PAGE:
April 8: UNL women’s basketball coach resigns

Want to sound smarter to friends, professors and parents?  We harvested the cream of the crop of the past week’s news and handpicked what to keep an eye on next week.


Yori quits, denies mistreating players


Connie Yori resigns after 14 seasons with the Huskers amid investigations of player mistreatment. (Photo by Rebecca S. Gratz/Omaha World-Herald)

Connie Yori, Nebraska women’s basketball head coach, resigned Tuesday after denying allegations of bullying and mistreatment of players. Nebraska’s athletic department investigated claims of players’ dissatisfaction with the coach’s methods. (Omaha World-Herald)





Pope Francis speaks in Saint Peter’s Square in Vatican City. (Photo by Ettore Ferrari, EPA)


Pope suggests more flexibility for divorced Catholics

On Friday, Pope Francis released a new proclamation that allows priests to decide whether civilly remarried Catholics can receive Communion. The document focuses on how to create long-lasting marriages rather than the treatment of divorcees. (NBC News)

UNL welcomes chancellor: Green succeeds Perlman

Ronnie Green was named the successor to Chancellor Harvey Perlman on Wednesday. He plans to grow the university’s population to over 30,000 students and increase UNL’s presence in The Big 10 conference. (Lincoln Journal Star)

Biggest leak in data journalism – The Panama Papers

Just over a year ago, an anonymous source submitted classified documents from one of the world’s largest  law firms detailing offshore tax information. The leaks show how the wealthy, including some world leaders and business owners, can exploit secret tax havens. (The Guardian)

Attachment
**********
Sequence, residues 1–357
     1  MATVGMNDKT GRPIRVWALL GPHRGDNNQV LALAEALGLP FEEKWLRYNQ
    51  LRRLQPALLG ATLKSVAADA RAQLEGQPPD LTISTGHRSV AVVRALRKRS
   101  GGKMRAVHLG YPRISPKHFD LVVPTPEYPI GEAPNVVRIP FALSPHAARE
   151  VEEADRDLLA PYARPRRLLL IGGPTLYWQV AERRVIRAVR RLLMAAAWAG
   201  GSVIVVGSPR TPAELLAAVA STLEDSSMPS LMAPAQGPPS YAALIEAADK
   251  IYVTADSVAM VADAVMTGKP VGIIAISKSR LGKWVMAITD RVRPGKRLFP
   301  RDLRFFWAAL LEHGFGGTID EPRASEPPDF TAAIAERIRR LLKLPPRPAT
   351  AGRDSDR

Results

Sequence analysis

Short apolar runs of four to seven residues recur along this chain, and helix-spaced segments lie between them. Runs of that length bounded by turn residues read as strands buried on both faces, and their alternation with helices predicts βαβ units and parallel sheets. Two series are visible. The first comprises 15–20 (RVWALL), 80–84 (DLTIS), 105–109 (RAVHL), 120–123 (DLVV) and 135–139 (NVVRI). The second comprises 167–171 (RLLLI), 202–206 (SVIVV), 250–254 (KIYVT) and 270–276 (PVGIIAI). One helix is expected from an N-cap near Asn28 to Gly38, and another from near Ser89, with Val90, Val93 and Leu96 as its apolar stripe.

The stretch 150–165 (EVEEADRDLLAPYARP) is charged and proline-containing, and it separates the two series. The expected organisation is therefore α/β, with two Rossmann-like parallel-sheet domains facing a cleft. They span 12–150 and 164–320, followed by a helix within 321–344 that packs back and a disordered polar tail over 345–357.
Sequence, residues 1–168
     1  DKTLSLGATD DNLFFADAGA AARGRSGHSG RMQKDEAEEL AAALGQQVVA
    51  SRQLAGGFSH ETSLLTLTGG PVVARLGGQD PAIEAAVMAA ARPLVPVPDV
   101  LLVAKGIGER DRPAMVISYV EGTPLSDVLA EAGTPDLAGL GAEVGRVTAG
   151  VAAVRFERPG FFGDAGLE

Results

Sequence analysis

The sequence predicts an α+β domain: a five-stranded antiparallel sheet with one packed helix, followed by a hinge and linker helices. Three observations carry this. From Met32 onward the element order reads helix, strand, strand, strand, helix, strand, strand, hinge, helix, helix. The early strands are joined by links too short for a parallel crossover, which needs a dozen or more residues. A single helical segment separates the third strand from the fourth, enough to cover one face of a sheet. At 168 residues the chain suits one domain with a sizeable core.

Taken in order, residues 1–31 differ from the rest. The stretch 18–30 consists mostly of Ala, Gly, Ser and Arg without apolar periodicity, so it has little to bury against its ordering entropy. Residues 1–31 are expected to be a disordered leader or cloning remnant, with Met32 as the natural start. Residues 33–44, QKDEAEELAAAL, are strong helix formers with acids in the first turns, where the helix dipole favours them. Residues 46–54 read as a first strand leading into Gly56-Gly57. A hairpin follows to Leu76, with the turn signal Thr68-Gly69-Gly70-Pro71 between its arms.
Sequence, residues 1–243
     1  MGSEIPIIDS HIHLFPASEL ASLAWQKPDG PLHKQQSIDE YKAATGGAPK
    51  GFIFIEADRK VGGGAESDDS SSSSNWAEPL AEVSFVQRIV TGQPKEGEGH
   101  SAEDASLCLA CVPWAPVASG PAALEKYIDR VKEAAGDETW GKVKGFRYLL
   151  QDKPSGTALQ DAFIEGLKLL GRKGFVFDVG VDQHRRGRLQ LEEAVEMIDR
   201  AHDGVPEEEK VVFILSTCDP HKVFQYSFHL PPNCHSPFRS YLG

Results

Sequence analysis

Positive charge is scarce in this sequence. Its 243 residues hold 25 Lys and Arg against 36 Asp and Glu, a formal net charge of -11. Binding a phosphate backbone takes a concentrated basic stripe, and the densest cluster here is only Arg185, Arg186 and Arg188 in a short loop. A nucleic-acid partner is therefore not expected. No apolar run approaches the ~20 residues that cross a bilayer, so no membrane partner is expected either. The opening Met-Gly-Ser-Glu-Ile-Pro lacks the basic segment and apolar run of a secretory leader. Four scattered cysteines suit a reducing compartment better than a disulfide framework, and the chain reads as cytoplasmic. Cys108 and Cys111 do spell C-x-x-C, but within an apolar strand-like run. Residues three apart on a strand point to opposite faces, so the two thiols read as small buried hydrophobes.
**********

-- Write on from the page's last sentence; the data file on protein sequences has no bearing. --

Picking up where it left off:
Nebraska Legislature strikes down medical marijuana

Nebraska bill LB 643, which would allow medical marijuana to become accessible to patients with chronic illnesses, failed by three votes on Tuesday. The bill would have allowed patients to use medical marijuana in liquid, pill or oil form. (Lincoln Journal Star)

Greece expected to begin refugee deportation

After a deal between Turkey and the EU last month, Greece plans to deport incoming refugees that have not been approved for asylum. Protests are complicating the situation, making it hard for Greece to follow through with deportations. (Reuters)

Omaha’s Henry Doorly Zoo unveils elephant exhibit

On Wednesday, the Omaha zoo showed off its newest members of the animal kingdom. The elephant enclosure comes complete with 30,000 square feet of space and a wading pool. The elephants came from Africa, arriving in Nebraska on March 11. (Omaha World-Herald)

Supreme Court rejects changes to voting districts

The Supreme Court ruled unanimously on Monday to uphold “one person, one vote” practice, which allows all citizens to be counted when drawing election districts. This can skew voting power by including people who are ineligible to vote or cannot make it to the polls. (New York Times)

Tickets sales for 2016 Olympics in Brazil are down

Massive protests and fighting to impeach Brazil’s President, Dilma Rosseff, have negatively impacted ticket sales for the 2016 Olympics. The Brazilian minister of sports, Ricardo Leyser, is pushing ticket sales despite the country’s struggling economy. (CNN)

Mississippi allows businesses to refuse LGBTQ clients

Mississippi Gov. Phil Bryant signed a law on Tuesday that will allow businesses to refuse service to gay couples for religious reasons. It also defines a person’s gender as the anatomy at their time of birth and allows businesses to decide who has access to their bathrooms. (The Washington Post)




Clinton and Sanders to debate in Brooklyn (U.S. Uncut)

UNL Johnny Carson School of Theatre and Film to present ‘She Kills Monsters’ (UNL)

Scientist prepare to drill into Gulf of Mexico’s floor (NPR)

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